Greene (Castle of Fire, 2012, etc.) returns with a third volume of his YA nautical adventure series set in the early 19th century.
Jonathan Moore and his fellow 14-year-old cohorts, Sean Flagon and Delain Dowdeswell, are all in London as the book begins. Jonathan and Sean have been there for about 10 months since returning from their last mission aboard the Danielle, during which they were instrumental in defeating a fleet of Napoleon’s vessels. Delain arrived in the city more recently, when her father, the governor of the Bahamas, decided that it was time for his three daughters to be schooled in proper social graces. The boys are anxious to return to sea, and Delain is quite bored with her “studies.” But another rousing escapade awaits the teens, as midshipman Jonathan and Marine private Sean are to be stationed aboard the beautiful, swift HMS Paladin. Unbeknownst to the crown, someone has hijacked the Echo, one of the king’s ships, and the Paladin is next on the thieves’ shopping list. The Paladin’s orders are mysteriously changed, and its crew is sent off on a secret mission to the Dalmatian island of Dugi Otok. Jonathan and Sean soon find themselves in battle against the bloodthirsty Nikomed Aggar, a henchman for a Russian profiteer. Meanwhile, Delain, stuck in England and fueled by an insatiable curiosity, suspects that something is amiss with local Lord and Lady Wilder, so she embarks upon a personal mission of espionage. Greene has produced another page-turner here, filling the seas with gunfire and knife fights and London’s streets with a network of spies and traitors hidden in tea parties and fox hunts. He deftly alternates scenes of maritime- and land-based exploits, creating a perfect mix of grisly nautical violence, urban skulduggery, and gentle takedowns of British high society. Delain is a delightful character who’s smart, funny, and independent; Jonathan and Sean, meanwhile, are heroes of the first order—tenderhearted, ingenious, and fierce in battle. Greene’s fluid prose ably handles the extensive nautical terminology, making it easily understandable, and the dialogue reflects both the pretension and the wit of the period.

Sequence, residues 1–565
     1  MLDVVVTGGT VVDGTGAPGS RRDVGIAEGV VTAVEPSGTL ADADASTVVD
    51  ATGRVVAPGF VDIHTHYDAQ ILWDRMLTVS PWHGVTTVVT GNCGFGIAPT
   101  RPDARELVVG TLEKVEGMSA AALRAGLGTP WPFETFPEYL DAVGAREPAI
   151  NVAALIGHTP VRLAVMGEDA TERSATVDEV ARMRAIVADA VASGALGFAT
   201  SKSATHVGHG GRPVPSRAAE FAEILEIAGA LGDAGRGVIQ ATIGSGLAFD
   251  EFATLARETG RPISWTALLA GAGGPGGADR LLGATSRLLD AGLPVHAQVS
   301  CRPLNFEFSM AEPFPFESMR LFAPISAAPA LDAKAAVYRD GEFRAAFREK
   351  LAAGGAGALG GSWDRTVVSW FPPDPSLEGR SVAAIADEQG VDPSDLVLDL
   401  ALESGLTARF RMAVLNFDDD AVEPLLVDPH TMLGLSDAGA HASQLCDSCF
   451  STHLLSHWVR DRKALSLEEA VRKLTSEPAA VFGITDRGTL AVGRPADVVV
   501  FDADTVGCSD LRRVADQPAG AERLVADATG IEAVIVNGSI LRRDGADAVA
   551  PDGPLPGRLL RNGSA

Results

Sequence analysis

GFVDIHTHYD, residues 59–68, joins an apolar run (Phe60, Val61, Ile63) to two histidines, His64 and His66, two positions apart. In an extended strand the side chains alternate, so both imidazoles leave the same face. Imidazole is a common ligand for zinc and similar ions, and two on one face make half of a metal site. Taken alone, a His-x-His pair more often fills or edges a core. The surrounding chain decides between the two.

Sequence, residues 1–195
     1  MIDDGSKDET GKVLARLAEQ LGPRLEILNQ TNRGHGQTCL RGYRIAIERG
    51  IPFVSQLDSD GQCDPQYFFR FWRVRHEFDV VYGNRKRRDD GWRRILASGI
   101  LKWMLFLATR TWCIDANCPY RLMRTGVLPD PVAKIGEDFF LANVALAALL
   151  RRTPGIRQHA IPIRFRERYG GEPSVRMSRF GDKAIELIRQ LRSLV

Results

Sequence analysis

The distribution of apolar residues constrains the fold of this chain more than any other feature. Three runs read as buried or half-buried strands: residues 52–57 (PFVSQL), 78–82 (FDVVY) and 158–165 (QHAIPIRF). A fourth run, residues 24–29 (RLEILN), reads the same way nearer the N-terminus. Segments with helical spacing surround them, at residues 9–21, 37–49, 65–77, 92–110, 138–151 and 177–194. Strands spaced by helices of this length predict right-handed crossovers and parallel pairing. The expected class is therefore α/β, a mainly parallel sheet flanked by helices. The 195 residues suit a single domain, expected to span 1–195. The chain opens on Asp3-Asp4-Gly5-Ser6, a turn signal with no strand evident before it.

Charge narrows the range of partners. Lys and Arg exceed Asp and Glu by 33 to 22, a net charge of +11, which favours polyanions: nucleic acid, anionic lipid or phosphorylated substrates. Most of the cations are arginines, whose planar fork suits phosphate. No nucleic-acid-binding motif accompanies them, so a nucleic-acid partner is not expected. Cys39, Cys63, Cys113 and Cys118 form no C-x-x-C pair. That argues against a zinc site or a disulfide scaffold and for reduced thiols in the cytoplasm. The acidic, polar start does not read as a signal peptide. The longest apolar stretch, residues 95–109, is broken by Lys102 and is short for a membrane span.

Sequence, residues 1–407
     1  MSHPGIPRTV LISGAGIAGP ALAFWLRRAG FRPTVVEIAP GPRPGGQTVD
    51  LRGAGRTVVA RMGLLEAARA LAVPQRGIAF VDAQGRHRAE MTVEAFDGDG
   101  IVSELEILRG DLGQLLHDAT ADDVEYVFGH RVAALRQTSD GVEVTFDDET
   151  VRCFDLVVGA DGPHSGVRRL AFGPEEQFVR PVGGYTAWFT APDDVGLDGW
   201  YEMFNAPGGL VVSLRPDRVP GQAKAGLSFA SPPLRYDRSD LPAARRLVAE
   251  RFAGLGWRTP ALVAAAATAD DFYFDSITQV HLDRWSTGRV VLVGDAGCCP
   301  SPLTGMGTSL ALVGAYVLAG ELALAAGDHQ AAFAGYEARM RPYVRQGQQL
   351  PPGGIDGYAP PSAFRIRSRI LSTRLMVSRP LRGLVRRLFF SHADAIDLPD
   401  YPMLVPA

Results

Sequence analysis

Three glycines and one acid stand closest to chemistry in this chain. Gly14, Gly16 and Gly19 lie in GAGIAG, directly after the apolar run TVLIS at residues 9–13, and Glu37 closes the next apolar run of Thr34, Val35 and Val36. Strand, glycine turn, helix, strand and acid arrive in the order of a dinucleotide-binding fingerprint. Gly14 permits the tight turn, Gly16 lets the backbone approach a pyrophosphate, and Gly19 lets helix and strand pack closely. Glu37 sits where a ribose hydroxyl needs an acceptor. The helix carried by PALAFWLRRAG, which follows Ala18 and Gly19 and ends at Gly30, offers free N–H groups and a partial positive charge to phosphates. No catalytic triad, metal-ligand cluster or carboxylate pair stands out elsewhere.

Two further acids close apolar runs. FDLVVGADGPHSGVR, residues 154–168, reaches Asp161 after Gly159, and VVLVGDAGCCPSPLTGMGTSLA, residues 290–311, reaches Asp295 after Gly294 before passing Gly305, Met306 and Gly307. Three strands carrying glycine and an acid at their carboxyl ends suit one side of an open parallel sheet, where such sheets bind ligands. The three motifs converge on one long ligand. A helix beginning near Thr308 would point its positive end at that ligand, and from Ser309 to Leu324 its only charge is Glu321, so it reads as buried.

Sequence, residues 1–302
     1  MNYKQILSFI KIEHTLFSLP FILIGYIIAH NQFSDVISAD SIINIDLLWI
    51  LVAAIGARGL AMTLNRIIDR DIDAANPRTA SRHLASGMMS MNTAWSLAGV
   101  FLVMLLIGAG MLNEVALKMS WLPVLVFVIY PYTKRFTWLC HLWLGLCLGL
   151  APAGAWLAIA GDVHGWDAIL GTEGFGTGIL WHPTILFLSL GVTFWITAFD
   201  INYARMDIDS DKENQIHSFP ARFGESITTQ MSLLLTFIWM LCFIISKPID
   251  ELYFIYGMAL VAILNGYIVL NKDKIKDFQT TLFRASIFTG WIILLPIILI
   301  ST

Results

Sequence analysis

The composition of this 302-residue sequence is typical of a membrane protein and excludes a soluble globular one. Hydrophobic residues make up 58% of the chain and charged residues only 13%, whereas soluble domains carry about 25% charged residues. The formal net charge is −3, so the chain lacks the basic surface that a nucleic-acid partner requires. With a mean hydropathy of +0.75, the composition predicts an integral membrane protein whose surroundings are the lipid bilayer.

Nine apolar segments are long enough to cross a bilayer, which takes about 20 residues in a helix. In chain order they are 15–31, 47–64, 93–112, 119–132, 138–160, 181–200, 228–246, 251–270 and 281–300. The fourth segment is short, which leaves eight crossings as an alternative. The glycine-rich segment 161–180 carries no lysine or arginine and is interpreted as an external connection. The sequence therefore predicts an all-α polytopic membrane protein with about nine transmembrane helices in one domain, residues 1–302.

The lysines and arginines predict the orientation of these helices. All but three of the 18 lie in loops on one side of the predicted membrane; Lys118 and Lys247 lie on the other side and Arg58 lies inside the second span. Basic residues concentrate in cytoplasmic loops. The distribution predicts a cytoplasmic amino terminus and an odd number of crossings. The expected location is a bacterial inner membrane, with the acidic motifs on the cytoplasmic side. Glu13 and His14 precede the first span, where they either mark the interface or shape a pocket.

An exciting, satisfying historical novel with a touch of poignancy.